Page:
There is a lot to like in Christopher Guest’s directorial debut, The Big Picture. It was made between This Is Spinal Tap, which Guest co-wrote, and Waiting For Guffman, which Guest conceived with Eugene Levy and directed. There is an earnestness in The Big Picture that is missing in Guest’s more fanciful work, though there is also a certain “film school” pretension that his later work lacks. Of course, this pretense could be a sly, meta in-joke, as one of the subjects of this film is, indeed, film school.
The Big Picture features an inspired use of real L.A. locations much different than the four or five touristy spots usually trotted out for movies and TV. This is the only “Hollywood movie” that I can think of that doesn’t, at some point, show its characters grabbing a red-hot at the famous Pink’s. (I’ve theorized that Pink’s must supply free food to movies choosing to shoot there, much like cigarette companies used to pay to have their harmful products featured on television medical dramas.) There’s also no sign here of Randy’s Donuts, the famous shop near LAX with the gigantic donut on the roof. Instead, we get a selection of real and sometimes seedy locations that speaks more truthfully to the L.A. I have seen and smelled when visiting there. We get the beautiful old Spanish-style buildings of classic noir mixed with the unforgiving bright sun of city side streets. We get the sense that great poverty and great wealth reside here side by side, which underscores the film’s message about making it and not making it in Hollywood.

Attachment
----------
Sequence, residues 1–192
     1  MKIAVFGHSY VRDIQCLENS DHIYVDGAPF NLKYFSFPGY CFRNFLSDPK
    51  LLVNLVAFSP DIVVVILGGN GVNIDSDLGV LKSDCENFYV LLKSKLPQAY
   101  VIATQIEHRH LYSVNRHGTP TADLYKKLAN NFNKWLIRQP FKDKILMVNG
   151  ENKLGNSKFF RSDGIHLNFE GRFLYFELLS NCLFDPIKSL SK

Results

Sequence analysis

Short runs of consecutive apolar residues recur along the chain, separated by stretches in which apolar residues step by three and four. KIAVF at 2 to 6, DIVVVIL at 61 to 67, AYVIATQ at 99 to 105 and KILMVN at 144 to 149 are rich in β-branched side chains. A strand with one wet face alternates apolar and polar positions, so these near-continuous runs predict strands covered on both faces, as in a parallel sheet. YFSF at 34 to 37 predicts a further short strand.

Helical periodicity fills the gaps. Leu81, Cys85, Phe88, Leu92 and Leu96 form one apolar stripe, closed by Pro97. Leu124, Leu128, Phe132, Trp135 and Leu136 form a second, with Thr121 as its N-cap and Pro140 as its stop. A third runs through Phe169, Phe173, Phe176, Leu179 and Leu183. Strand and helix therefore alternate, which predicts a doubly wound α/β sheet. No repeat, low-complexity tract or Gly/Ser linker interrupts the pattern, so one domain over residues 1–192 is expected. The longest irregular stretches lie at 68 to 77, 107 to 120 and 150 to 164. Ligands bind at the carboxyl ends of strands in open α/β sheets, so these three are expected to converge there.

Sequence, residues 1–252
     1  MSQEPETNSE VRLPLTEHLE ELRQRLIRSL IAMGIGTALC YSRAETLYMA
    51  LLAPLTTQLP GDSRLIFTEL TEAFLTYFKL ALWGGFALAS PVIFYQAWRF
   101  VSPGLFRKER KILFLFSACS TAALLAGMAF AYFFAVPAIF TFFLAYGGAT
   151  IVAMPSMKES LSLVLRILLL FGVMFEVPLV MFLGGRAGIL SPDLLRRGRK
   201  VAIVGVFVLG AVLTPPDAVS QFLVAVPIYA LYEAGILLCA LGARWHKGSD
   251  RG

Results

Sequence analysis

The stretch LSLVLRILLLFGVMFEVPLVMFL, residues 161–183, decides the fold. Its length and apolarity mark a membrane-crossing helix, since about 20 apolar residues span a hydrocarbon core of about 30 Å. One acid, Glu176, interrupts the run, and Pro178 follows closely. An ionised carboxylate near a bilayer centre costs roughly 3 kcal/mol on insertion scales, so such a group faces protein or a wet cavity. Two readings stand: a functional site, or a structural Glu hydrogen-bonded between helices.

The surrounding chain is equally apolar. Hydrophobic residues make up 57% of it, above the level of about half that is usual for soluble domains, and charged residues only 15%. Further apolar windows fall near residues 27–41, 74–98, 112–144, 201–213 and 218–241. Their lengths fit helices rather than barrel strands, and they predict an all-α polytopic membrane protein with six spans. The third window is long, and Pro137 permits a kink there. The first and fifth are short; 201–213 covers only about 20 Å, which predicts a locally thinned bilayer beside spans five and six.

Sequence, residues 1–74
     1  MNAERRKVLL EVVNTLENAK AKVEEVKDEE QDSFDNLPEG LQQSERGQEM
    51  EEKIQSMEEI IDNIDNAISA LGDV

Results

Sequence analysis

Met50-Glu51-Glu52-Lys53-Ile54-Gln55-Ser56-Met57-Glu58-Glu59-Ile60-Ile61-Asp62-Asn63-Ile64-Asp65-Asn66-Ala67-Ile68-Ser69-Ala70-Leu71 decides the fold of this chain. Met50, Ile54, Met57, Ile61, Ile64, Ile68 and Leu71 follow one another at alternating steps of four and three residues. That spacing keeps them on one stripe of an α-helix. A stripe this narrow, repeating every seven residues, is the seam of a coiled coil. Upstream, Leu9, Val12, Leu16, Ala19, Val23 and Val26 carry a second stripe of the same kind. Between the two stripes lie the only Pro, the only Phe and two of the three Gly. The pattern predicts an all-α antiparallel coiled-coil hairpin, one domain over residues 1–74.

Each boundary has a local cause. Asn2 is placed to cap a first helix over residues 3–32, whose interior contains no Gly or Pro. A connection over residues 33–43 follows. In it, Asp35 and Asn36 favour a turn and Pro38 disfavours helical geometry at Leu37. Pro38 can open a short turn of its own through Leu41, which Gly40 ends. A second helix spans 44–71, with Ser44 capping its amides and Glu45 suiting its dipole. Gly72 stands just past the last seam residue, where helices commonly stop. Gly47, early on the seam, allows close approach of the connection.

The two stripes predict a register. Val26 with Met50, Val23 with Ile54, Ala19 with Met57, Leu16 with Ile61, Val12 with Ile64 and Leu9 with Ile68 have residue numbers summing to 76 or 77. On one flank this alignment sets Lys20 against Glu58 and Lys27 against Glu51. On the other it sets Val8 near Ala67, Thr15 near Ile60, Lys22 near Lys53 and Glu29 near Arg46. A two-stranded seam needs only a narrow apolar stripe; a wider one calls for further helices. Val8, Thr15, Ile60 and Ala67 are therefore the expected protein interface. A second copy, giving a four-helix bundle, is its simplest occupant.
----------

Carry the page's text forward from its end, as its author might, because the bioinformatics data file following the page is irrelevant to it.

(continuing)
If you like big-star cameos, babies, this film is full of them. The Big Picture features some lesser-known appearances by Gary Kroeger, Fran Drescher, Eddie Albert, Elliott Gould, June Lockhart, Stephen Collins, Roddy McDowall, Richard Belzer, and John Cleese. In one scene that takes place outside a movie theater, Jerry Maren, who was one of the original Munchkins from The Wizard of Oz, appears as an extra. Could Guest be trying to recreate the feeling that, when one is in L.A., one is only ever six or seven feet from celebrity?
The Big Picture also features what might as well be the greatest “lost” Spinal Tap track ever. At one point in the story, down-on-his-luck Nick agrees to shoot a music video for his friend’s band, Pez People. Though the band consists of actors, the song—“The Whites of Their Eyes”—was written and performed by Michael McKean and Christopher Guest, and sounds like a This is Spinal Tap outtake.
FUNNY STORY: I read on IMDb that the film company rented a big mansion in the Hollywood Hills to use for location work and soon learned that Charles Bronson lived across the street. During the course of their three weeks there, the film company managed to somehow kill Bronson’s cat. Actually, that’s not really funny. I’m sorry I suggested that.
Perhaps Christopher Guest should have volunteered to re-name his picture Movie Nuts?
The Big Picture is now available on blu-ray disc from Mill Creek Entertainment.